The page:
Her response: “Special msg for banks: There are many black artists succeeding in all genres. The reason you haven’t is because of your piss poor attitude. Your inability to be responsible for your own mistakes, bullying others, the inability to be humble or have self control. It’s YOU! you created your own unfortunate situation by being a bigot and don’t have the mental capacity to realize yet. Probably never will. Now! rant, Make it racial! make it political! Make it whatever but I guarantee it won’t make you likable & THATS why ur crying on the radio. Enjoy continuing to bang your head against that metaphoric brick wall & Savor this attention. I’m the only way you get ANY. You’re poisonous and I feel genuinely sorry for you because it’s obvious at this point you are a MISERABLE, angry human being. Regards!”

This is no different from when Black people try to discuss the reality of how the majority of the Black community is unable to afford the same opportunities as White America and how this limits opportunity for success, conservative media responds by naming the few successful Black people, which are exceptions to the plight of the community at large. Black people who are not successful are then blamed for their circumstances and silenced if they mention the unequal access to schools, jobs, housing, and more, because there are a few Black people who found their way around these obstacles. When they are disproportionately targeted by carefully disguised race laws and a racist incarceration system, rather than examine the unequal access to the “American dream” or how constructions of criminality play a role in how Black people are treated by the police and the criminal justice system as a whole, people ignore statistics and logic and tell themselves oh, Black people are doing the worst in society or makeup the majority of prisons because they are simply the least capable, lazy, or committing the most crimes.

She tells Banks she does not have the mental capacity to realize she is responsible for her own situation. Again, word? No different from the commonly seen rhetoric that Black people are unintelligent and unable to see how we are responsible for being at the bottom of a social and institutional hierarchy that was carefully constructed on our oppression. Cool. Though, I do not know what “situation” she is claiming Azealia Banks is responsible for placing herself in because last time I checked, she was a relatively successful rapper in a genre that is not very embracing of female artists. If Iggy is attempting to say Azealia Banks’s attitude is to blame for not being as successful as her, she can attribute that to my previous discussion of White media pushing White artists deliberately. And if I hear one more half-assed defense out of T.I, I will go ahead and purchase him a cabin and call him Tom.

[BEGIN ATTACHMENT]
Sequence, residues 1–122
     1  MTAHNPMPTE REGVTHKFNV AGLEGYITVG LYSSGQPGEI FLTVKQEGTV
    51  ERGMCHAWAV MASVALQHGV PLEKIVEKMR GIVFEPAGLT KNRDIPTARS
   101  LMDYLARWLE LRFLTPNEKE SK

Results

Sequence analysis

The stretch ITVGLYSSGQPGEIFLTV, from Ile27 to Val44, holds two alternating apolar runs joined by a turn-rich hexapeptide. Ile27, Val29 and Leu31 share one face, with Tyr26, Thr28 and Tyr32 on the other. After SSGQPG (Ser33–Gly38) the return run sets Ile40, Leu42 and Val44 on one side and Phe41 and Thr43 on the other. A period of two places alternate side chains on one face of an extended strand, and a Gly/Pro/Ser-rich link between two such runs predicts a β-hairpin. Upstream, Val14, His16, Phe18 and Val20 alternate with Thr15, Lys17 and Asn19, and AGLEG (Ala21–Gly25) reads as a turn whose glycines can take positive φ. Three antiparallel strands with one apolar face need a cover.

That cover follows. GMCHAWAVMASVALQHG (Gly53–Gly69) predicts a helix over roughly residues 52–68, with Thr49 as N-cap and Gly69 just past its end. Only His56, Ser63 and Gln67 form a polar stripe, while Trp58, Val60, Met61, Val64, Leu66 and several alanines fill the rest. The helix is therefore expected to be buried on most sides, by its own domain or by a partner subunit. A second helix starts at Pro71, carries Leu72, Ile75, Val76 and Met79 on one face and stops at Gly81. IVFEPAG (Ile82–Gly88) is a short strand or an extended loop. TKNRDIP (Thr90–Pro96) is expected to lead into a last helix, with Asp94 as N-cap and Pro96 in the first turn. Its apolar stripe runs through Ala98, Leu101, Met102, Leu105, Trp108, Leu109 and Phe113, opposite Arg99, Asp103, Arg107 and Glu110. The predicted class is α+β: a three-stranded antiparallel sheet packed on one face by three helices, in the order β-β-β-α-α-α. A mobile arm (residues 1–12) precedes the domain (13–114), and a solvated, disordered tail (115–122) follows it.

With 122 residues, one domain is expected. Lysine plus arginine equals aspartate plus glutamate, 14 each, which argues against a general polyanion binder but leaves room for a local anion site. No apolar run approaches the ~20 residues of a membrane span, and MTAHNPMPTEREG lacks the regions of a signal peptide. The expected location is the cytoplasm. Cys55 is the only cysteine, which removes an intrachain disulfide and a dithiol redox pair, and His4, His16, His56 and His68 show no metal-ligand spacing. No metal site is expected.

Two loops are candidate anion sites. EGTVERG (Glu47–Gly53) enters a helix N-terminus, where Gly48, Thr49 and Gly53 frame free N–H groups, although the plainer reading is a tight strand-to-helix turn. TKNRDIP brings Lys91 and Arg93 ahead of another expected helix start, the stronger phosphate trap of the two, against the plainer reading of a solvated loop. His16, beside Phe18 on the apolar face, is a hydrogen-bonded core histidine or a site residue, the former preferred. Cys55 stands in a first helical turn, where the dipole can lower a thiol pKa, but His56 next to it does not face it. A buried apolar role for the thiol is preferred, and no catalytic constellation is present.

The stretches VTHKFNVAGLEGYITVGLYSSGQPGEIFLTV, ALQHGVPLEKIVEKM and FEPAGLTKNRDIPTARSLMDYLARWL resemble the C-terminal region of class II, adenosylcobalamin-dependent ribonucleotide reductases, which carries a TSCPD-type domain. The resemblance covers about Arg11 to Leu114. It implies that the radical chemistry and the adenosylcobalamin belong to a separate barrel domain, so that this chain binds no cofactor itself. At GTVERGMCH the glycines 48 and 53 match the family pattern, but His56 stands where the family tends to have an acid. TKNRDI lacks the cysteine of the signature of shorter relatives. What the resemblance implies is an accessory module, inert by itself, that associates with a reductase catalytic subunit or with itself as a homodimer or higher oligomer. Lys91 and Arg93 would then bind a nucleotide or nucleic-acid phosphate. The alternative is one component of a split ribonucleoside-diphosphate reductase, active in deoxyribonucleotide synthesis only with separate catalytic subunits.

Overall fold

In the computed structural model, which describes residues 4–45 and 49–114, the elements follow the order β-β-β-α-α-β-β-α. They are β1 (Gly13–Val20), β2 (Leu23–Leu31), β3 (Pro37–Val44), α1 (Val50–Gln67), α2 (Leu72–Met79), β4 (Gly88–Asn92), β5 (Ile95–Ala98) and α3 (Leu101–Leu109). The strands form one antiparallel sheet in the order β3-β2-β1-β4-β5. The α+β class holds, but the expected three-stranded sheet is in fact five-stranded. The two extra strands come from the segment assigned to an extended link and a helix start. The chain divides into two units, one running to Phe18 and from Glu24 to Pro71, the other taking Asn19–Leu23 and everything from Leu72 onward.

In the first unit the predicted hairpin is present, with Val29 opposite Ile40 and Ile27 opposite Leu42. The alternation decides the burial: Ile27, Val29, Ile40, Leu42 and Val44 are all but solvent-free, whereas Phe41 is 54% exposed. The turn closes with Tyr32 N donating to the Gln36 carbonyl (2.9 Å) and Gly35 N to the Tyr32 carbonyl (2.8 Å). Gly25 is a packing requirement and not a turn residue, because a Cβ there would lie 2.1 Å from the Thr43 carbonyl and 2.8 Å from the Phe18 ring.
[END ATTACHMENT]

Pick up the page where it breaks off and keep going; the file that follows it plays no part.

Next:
“Make it racial! Make it political!” she says. Like Q-Tip told her, it is. To which she replied, she knows. So… how was Azealia Banks making it anything other than what it was?

Last but not least, she basically purports to characterizing Azealia Banks as this tired stereotype of the angry Black woman. This is probably what annoys me most. Because Azealia Banks does not conform to “women’s speech” or some passive politically correct commentary because she has a valid argument about Iggy, who she feels represents a much larger issue, she is wholly, an angry Black woman responsible for her situation in society? Oh, cool.

If one did not find an issue with Iggy when she was singing songs like “Work” where she discusses her struggle growing up in places like Miami and carefully evaded any mention of Australia, and mimicking Clueless in her “Fancy” video, or felt that the Black listening audience was being unfairly critical by pointing out the issues with Iggy’s understanding or use of Black culture, I hope you can now see how she implicitly uses the very racist notions constantly recycled about the Black culture.